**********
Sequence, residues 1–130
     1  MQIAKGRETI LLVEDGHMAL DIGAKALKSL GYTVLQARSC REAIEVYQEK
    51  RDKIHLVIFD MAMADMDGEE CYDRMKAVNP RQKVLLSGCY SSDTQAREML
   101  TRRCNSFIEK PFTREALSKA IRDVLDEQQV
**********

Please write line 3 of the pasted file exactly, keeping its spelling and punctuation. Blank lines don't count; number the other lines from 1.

    51  RDKIHLVIFD MAMADMDGEE CYDRMKAVNP RQKVLLSGCY SSDTQAREML